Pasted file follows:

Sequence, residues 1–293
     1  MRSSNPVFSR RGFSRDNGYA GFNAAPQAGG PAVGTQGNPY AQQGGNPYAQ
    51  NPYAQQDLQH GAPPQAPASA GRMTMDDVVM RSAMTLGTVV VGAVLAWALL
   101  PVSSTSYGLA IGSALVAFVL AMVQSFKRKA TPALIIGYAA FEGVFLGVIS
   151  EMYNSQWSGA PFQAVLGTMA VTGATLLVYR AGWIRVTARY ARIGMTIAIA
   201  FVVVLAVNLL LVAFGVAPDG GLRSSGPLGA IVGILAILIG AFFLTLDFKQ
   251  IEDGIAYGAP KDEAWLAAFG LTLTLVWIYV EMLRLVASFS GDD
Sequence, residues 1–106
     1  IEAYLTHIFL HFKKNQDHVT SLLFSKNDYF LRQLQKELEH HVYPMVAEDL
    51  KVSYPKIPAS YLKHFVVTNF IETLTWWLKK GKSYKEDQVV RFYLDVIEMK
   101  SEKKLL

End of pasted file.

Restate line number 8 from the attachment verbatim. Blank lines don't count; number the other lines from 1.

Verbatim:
Sequence, residues 1–106